Navigating the human genome with Sequins
Australian genomics researchers have announced the development of Sequins—synthetic 'mirror' DNA sequences that reflect the human genome. This intuitive new technology, which can be used to better map and analyse complexity within the genome, is freely available to the academic research community.
The human genome is a vastly complicated sequence that contains more than 6 billion DNA 'letters' (the bases A, C, G and T). Although we can now sequence a person's genome relatively cheaply and quickly, the subsequent analysis of the human genome is a much deeper and more difficult problem.
In a bid to improve the quality of genomic analysis, scientists at Australia's Garvan Institute of Medical Research have developed a new technology based on synthetic human genome sequences called 'Sequins'. The Sequins technology is described in two linked studies published today in the prestigious scientific journal Nature Methods.
"Human genome sequencing is transforming biomedical research and healthcare," says Dr Tim Mercer, of Garvan's Genomics and Epigenetics Division, who led the development of Sequins.
"And as genome sequencing is being increasingly used to diagnose disease, it is more important than ever that researchers and clinicians understand the accuracy of the genomic data they are looking at."
Dr Mercer and his team came up with the idea of adding Sequins, small stretches of synthetic DNA, to a patient's DNA sample during sequencing. These Sequins (or sequencing spike-ins) then act as internal standards, helping researchers analyse the large data files that are generated during genome sequencing.
Dr Mercer says the Sequins technology is based on an intuitively simple concept—the notion of mirror-image DNA.
"Sequins are, essentially, mirror images of natural DNA sequences. Like us, the genome has a 'handedness', and just as our right hand differs from our left hand, sequins differ from natural genome sequences. So sequins behave just like natural genome sequences, but they can be easily recognised as synthetic."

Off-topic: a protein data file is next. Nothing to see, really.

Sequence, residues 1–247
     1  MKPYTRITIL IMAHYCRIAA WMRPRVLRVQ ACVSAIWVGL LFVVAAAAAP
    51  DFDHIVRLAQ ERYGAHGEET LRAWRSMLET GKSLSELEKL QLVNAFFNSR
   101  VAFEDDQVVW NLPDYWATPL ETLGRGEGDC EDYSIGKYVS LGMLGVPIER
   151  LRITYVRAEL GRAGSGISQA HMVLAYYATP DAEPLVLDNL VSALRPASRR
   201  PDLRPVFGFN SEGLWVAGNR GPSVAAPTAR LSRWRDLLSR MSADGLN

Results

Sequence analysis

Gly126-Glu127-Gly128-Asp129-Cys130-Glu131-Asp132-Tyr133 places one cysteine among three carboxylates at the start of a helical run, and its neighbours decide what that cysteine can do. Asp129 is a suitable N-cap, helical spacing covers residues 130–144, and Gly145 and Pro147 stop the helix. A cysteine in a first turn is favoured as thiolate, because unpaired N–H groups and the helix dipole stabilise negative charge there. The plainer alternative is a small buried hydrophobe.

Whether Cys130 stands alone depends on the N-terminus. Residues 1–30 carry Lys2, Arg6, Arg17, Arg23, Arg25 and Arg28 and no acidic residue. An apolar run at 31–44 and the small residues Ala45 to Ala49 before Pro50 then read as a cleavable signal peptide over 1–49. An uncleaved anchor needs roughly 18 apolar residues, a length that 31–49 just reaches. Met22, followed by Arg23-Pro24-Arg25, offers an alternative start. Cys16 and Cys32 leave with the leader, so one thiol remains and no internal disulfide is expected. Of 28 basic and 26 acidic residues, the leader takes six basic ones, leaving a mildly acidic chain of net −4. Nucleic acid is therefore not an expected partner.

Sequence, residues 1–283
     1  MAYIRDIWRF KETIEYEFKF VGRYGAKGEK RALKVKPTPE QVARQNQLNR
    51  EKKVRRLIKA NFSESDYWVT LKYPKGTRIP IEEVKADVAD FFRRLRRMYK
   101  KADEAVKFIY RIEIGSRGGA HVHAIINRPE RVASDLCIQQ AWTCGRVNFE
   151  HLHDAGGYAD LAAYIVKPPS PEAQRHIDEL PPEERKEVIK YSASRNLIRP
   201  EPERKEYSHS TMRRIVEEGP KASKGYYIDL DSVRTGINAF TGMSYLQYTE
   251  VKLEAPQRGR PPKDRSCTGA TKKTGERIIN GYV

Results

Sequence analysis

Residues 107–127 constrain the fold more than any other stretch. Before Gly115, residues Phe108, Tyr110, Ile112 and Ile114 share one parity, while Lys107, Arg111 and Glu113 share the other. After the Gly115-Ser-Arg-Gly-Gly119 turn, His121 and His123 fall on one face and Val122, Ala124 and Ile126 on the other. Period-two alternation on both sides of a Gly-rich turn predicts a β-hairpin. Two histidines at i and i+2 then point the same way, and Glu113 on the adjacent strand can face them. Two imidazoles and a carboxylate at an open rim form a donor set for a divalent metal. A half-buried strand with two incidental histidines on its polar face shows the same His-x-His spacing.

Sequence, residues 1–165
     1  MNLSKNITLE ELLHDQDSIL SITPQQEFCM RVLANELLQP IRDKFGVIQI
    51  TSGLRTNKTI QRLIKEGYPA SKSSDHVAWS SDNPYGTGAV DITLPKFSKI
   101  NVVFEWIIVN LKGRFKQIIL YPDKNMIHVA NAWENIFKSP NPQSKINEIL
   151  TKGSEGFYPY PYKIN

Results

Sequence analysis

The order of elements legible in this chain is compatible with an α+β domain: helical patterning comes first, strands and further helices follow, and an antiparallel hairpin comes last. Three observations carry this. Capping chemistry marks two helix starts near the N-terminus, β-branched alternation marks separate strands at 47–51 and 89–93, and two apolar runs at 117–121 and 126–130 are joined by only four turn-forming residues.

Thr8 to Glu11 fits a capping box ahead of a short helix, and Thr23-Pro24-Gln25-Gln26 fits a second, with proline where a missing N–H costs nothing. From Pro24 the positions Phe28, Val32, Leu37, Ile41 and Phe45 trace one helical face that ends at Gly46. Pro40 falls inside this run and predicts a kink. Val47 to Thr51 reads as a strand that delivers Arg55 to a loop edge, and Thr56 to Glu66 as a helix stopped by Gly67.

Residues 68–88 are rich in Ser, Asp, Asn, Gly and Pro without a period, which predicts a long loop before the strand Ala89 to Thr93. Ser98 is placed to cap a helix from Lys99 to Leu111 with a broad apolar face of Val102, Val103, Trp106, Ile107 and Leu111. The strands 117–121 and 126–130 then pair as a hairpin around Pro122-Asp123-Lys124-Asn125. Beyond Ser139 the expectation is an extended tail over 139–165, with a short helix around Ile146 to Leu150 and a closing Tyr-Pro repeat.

When added to a sequencing reaction, sequins provide internal controls with which to assess the sensitivity and accuracy of genome sequencing.
Dr Mercer says, "A whole series of steps, first in the lab and then on the computer, are required to sequence a person's genome or the genes that are expressed in different cells. Sequins are with the person's DNA every step of the way: responding just as real DNA does at each step, yet unmistakably different from that real DNA. This allows a scientist to assess, and optimise, these different steps."
Because sequins are added to each individual sample, they can provide a sample-by-sample assessment - something that has not previously been possible.
"Sequins are the first technology to allow diagnostic statistics to be applied to each individual genome sequencing test," Dr Mercer says, "and we anticipate that their use will improve the reliability and sensitivity of genetic disease diagnosis."
Cancer diagnosis is one area in which using Sequins should lead to improvements.
"Incorporating Sequins into clinical tests for cancer diagnosis will increase the reliability of an individual diagnostic readout, reducing incorrect diagnoses and giving clinicians greater confidence in deciding the best course of treatment for their patient."
Using Sequins will also make it possible to directly compare genomic data from research institutes and sequencing centres worldwide.
"Sequins bring DNA sequencing to clinical standard, and will be an essential platform for genomic research and medicine," said Garvan's Executive Director and co-author of the studies, Professor John Mattick.
The potential applications of Sequins are many. Because all genomes, from bacteria to human, have handedness, sequins can be similarly designed for any organism, or for almost any next-generation sequencing application.
Dr Mercer says that Sequins technology is freely available to other researchers.
"We invite academics to get in touch and we can send them some Sequins for their genome research. We're keen to get this technology out into other labs, in Australia and worldwide."
"This is another important step in advancing Garvan's mission to bring genomics to the clinic," said Professor Mattick.